The walled garden is in the form of an elongated rectangle and has walls of stone with a flat stone parapet, with the exception of the eastern wall which has an inner face of brick. In the eastern part of the garden, c 70m west of the house, there is a knot garden. The north wall has a number of lean-to glasshouses attached to its eastern end, and a centrally positioned opening leads out to the drive from Dacre. A yew hedge immediately east of the knot garden divides the easternmost section of the garden from the remainder and the enclosed area is used for maintenance and nursery purposes. A door near the north end of the east wall gives access to the service courtyard.
Set in to the north end of the west wall is a seating alcove with a segmental arched head and a fixed bench seat with cabriole front legs, club feet and a back with vase splats, probably of early C18 date. At the south end of the west wall there is a C17 gazebo with pyramidal roof and a ball finial. An offset doorway leads into a room with a large two-light mullioned window in the south wall giving views down to the Dacre Beck, now partially obscured by mature trees. Midway between the seating alcove and the gazebo a doorway in the west wall leads to a path through woodland. The south wall of the garden is lower (c 1.2m) than the other walls on the inner face but acts as a retaining wall, dropping to c 6.5m on the south side.
The garden is currently (1997) planted as a flower and pleasure garden and divided into compartments by paths. It was probably created or altered by Sir Edward Hasell whose Day Book entry for 26 April 1686 reads: 'John Pattinson this day began the wall against the bank in my orchard'. An entry for 15 March 1686 reads: 'I agreed with Mr Pattinson for cleering the earth making foundations and getting stones for my orchard wall'. An orchard was already in existence as an entry for 17 October 1684 refers to an orchard with 'apricock trees', and it is not clear if the work in 1686 is on a new orchard or represents improvements to one which already existed. The years covered by the Day Book were a time of substantial alterations to the house, some of them probably under the direction of a Mr Swingler, but an entry for 22 October 1684 which states that 'Mr Swingler and John Lowther's gardiner dined here' raises the possibility that work to the garden being undertaken during the same period might also have been under the direction of Swingler, perhaps with advice from the gardener.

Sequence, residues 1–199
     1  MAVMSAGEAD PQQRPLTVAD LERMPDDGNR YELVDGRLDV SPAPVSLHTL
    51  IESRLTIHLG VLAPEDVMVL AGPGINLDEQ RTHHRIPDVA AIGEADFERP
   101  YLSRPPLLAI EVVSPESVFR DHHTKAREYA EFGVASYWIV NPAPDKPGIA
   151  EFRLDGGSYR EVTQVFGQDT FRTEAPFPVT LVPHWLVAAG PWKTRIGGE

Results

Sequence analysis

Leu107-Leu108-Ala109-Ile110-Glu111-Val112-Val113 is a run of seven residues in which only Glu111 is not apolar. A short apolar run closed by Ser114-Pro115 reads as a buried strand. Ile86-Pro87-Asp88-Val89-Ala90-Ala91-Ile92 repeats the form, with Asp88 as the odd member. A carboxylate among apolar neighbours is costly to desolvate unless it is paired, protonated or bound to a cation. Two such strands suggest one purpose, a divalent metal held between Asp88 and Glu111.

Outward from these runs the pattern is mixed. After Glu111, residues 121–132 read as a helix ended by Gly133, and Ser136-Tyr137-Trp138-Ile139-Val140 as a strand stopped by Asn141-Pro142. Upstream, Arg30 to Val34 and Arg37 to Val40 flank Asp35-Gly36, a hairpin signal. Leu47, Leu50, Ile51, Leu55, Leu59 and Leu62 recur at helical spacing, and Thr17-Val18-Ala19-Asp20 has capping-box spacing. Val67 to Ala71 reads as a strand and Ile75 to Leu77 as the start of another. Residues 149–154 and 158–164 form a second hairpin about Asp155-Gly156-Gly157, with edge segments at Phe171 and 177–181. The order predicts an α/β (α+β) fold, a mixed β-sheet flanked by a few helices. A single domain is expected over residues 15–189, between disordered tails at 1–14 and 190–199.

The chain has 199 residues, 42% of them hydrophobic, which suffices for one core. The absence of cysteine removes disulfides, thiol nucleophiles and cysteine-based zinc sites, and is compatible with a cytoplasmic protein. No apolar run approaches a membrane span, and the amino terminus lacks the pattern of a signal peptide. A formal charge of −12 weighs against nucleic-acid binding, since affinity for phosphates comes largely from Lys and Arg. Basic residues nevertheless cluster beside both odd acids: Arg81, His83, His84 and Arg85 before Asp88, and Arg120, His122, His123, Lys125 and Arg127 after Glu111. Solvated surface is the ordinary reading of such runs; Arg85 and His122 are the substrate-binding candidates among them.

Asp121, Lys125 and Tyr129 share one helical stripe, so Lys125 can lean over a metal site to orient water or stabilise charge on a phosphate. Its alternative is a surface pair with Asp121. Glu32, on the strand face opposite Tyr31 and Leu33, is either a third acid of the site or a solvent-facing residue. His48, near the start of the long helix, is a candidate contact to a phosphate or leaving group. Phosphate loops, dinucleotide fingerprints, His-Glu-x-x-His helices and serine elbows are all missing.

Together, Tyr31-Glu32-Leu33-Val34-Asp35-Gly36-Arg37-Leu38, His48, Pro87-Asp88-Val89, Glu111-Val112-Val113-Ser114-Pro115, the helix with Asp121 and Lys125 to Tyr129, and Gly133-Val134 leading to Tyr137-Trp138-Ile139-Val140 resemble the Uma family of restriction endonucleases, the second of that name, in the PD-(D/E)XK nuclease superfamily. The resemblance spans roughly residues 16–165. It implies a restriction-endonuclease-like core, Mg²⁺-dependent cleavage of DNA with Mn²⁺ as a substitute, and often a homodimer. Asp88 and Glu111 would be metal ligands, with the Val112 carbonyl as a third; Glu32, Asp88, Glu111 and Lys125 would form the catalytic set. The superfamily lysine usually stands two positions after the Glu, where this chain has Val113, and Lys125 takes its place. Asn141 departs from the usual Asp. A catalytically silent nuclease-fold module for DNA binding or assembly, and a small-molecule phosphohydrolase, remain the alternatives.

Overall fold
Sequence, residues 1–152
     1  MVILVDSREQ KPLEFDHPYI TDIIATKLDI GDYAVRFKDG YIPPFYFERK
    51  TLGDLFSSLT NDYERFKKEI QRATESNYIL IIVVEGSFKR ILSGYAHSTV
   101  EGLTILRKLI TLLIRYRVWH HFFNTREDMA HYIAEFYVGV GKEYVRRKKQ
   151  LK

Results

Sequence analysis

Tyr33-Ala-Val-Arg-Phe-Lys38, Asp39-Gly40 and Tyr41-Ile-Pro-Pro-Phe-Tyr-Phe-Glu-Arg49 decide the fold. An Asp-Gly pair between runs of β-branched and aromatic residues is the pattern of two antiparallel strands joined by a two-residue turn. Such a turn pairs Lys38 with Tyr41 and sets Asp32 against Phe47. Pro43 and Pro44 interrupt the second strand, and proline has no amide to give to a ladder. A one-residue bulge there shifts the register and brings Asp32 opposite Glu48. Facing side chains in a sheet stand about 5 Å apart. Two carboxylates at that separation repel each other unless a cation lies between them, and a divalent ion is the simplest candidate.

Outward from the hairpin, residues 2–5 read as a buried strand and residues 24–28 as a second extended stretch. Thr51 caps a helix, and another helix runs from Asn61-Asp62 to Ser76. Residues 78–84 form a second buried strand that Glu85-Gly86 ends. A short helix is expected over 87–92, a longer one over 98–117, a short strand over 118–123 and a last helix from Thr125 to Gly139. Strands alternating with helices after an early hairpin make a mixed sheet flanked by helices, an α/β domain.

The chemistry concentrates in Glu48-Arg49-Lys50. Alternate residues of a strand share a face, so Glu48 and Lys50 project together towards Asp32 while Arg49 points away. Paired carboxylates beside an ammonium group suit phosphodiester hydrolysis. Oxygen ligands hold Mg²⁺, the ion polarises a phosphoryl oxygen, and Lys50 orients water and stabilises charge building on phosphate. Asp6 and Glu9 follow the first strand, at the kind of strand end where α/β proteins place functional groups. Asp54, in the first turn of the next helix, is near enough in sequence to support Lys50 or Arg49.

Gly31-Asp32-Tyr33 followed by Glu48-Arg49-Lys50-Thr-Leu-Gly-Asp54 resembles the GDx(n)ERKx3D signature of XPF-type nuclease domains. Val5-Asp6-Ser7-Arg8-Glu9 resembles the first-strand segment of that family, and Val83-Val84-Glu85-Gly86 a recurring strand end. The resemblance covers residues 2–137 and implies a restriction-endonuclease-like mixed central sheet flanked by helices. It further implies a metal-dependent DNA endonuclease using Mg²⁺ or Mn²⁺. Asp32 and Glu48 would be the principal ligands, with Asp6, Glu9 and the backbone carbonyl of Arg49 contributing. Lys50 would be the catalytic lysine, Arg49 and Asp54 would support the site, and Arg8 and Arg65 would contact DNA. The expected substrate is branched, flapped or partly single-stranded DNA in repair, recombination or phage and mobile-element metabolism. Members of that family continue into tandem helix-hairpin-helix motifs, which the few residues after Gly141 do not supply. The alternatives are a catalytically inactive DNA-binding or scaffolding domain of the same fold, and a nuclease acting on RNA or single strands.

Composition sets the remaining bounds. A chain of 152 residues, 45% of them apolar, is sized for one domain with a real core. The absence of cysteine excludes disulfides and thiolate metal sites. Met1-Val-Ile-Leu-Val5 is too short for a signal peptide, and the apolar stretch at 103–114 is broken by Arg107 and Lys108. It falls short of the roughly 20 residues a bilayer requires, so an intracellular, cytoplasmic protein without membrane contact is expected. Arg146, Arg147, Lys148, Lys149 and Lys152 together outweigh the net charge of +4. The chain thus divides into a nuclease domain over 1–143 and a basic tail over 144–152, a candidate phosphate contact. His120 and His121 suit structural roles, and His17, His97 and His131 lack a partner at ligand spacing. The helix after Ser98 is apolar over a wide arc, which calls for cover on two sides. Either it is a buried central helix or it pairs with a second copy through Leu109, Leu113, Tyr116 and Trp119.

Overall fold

The east front of the house overlooks a lawn which is terraced at its eastern edge and divided from parkland beyond by railings. The outer face of the service courtyard, which is concealed by a shrubbery, forms the north-western edge of the area.
Parkland surrounds the house. Immediately to the north-west of the service courtyard there is a walled deer park of c 7ha which supports a herd of fallow deer. To the north-east of this is an area called East Park which is open parkland with some scattered mature trees. The land rises steeply to Evening Bank Wood which shelters the northern boundary. Long-distance views of the countryside and fells to the south can be obtained from the northern end of this part of the park and were described by the poet Thomas Gray, who visited in 1769 and described the scene, with mountains rising 'very rude & aweful with their broken tops on either hand' (CL 1952, 733).
The slope of the land is more gentle in the southern part of the park. The A592 was realigned further to the east during the C20 and a bridge, called Dacre Bridge (C18, listed grade II), crosses the river on the line of the old road c 100m south-east of the house. Some 150m south-east of the house the River Eamont was dammed during the C18 to form a lake, south of a footbridge called White Bridge, but erosion of the banks has greatly reduced the width so that the appearance of a lake has been lost. On the eastern banks of the river the land rises and woodland called Grandyscar Wood forms a backdrop to the position of the lake.
The park is used as pasture with some arable cultivation in the southernmost part.
To the north of the walled garden, c 60m north-west of the house and on the north side of the drive from Dacre, there is a sub-rectangular walled garden with low (c 1.2m) walls, which is shown on the 1860 OS map. There is a gated entrance in the east wall. The eastern walls of this garden and the walled garden to the south, flanking the drive to Dacre, give closure to the west side of the service courtyard.
Country Life, 140 (14 March 1952), pp 736-9; (21 March 1952), pp 820-4; (28 March 1952), p 908
N Pevsner, The Buildings of England: Cumberland and Westmorland (1967), pp 117-18
Dalemain, guidebook, (1990 edit)
J Clarke, Survey of the Lakes of Cumberland and Westmorland and Lancashire, 1787
OS 6" to 1 mile: Cumberland sheet LVIII, 1st edition surveyed 1860
Cumberland sheet LVIII SW, published 1930
Cumberland sheet LVIII SW & NE, provisional
edition, revised 1926 with additions 1938
OS 25" to1 mile: Cumberland sheet LVIII, Westmorland sheets III & VII (parts of), 2nd
edition published 1900
Sir Edward Hasell, Day Book (1684-6) (JAC/166), (Carlisle Record Office)
Description written: August 1997
Amended: June 1998
Register Inspector: CEH
Edited: March 1999